Korby's Connections: Learning outside


January 5, 2024

Reviewing the recent home mailing from the Cloquet Educational Foundation, I recalled an exceptional environmental learning experience with my son at Wolf Ridge Center in Finland, Minnesota.

It was around Thanksgiving 2000. Fifth-graders from Cloquet took a bus to the center to experience being outside and hiking, looking at the stars, feeding birds, the infamous “ropes” obstacle course, staying overnight, and interacting with other students and parents. I was a parent chaperone.

Wolf Ridge is one of these “out of the box” schoolkid adventures. Jack Pichotta, the former Cloquet teacher and mastermind of the Cloquet High School 1970 SCARE (Students Concerned About a Ravaged Environment) program, helped establish the original Environmental Learning Center. Over the years, Wolf Ridge has hosted many thousands of kids, teaching them the importance of environmental stewardship.

Finland fit the definition of “boondocks.” When we pulled into the Wolf Ridge facility, I pictured a historical logging camp with a mess hall, plenty of bunkhouses, bathrooms, and a general assembly area. Kids had packed, from a provided checklist, their spare warm clothes and a sleeping bag and pillow for this adventure.

Cell phones were not yet ubiquitous and likely wouldn’t have worked in this vicinity anyhow, with no towers or signal. Most kids attended, but a few stayed back in Cloquet at the regular Churchill classrooms.

After students and chaperones unpacked and went through an orientation, we were given a map, separated into small groups, and assigned a time to attend various “stations.” Some of the other parents included Dave Pritchett, Pat Byrne and Greg Arras. We were all unsure of our role, but eager to help out.

Small group assignments that impressed me included:

Bird watching: Wolf Ridge had an ingenious place for feeding birds. There were mannequins placed on chairs with about every other space or chair open for students and adults to sit in. The sitting mannequins had their arms and hands by their knees with palms wide open. Real-life individuals were then asked to sit and mimic their posture. Wolf Ridge workers then put sunflower seeds in all the outstretched hands, human and otherwise. The birds ate regularly from this feeding spot and became accustomed to eating from all the hands.

Ropes obstacle course: Now popular in survival and group interaction training, this was the first time I had seen such a course.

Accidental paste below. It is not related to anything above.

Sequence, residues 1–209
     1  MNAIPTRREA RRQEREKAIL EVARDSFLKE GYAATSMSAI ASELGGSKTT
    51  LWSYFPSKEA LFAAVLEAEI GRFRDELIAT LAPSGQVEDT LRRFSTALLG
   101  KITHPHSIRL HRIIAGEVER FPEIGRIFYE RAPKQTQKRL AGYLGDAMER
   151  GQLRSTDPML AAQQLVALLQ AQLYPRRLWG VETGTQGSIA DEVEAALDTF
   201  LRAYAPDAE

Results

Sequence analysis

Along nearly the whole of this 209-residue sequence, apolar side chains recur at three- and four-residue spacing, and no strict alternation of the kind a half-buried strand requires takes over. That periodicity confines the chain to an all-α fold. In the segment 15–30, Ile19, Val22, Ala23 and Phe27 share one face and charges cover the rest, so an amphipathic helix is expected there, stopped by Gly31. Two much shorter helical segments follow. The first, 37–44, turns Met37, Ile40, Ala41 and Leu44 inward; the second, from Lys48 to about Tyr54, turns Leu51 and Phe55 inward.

Wolf Ridge’s obstacle was about 15-20 feet in the air. After a brief training, students and parents were shown how to put on a safety harness, mostly around the crotch, in the event you fall. Just great. Climbers clipped onto a safety wire above where you climbed.

I’m not great at heights. They assigned me a spot about halfway through the course to help with kids. The kids did better than I did. There were Indiana-Jones-type bridges to cross, wires to walk on with Sorel boots, large timbers to straddle, and the course concluded with a zipline. Fifth-grade boys and girls went around the 10-station course two or three times. I was very happy with once.

Night walk/astronomy: It gets very dark at Wolf Ridge. Very dark. The rules for the evening stroll were that only the chaperone could carry a flashlight and illuminate it in only an emergency. We had six kids and two chaperones. Our challenge was to hike on paths and side roads approximately a mile and end up back at the main lodge to attend the astronomy segment and view the stars and planets through a telescope. I asked my partner which way we should go and he just shrugged his shoulders. That’s how I felt, but we trekked on. After about a half-hour walk, I could see some kids were getting tired and even hot. They were unzipping their jackets. A young girl asked me if I knew which way was back to base. I truly had no idea.

She said “Boy, Mr. Korby, if you are pretending that we are lost, you are doing a good job.” At a path corner, I turned on the flashlight, no road signs to help us. I told the kids that I was going to use my Boy Scout Troop 173 skills and use the stars to guide us north and get us home. I don’t think they believed that Mark Twain fib. Long story short, the other chaperone saw a cabin light. Thank goodness, for it was the opposite way we were heading. We were saved. Our group missed the astronomy session, but had our own stargazing experience.

Wolf Ridge provided a great learning experience. The kids were good, and with all the outdoor exercise, they dropped like flies when it was time to sleep. Snoring (by adults) was an issue. I remember the food being ample and better than expected.

Both my kid and I enjoyed the trip and received a valuable and different kind of education than found in the classroom. I hope the Cloquet kids are still going there.

Send Steve your ideas for human interest stories and tales regarding Carlton County residents, projects, history, and plans c/o [email protected].


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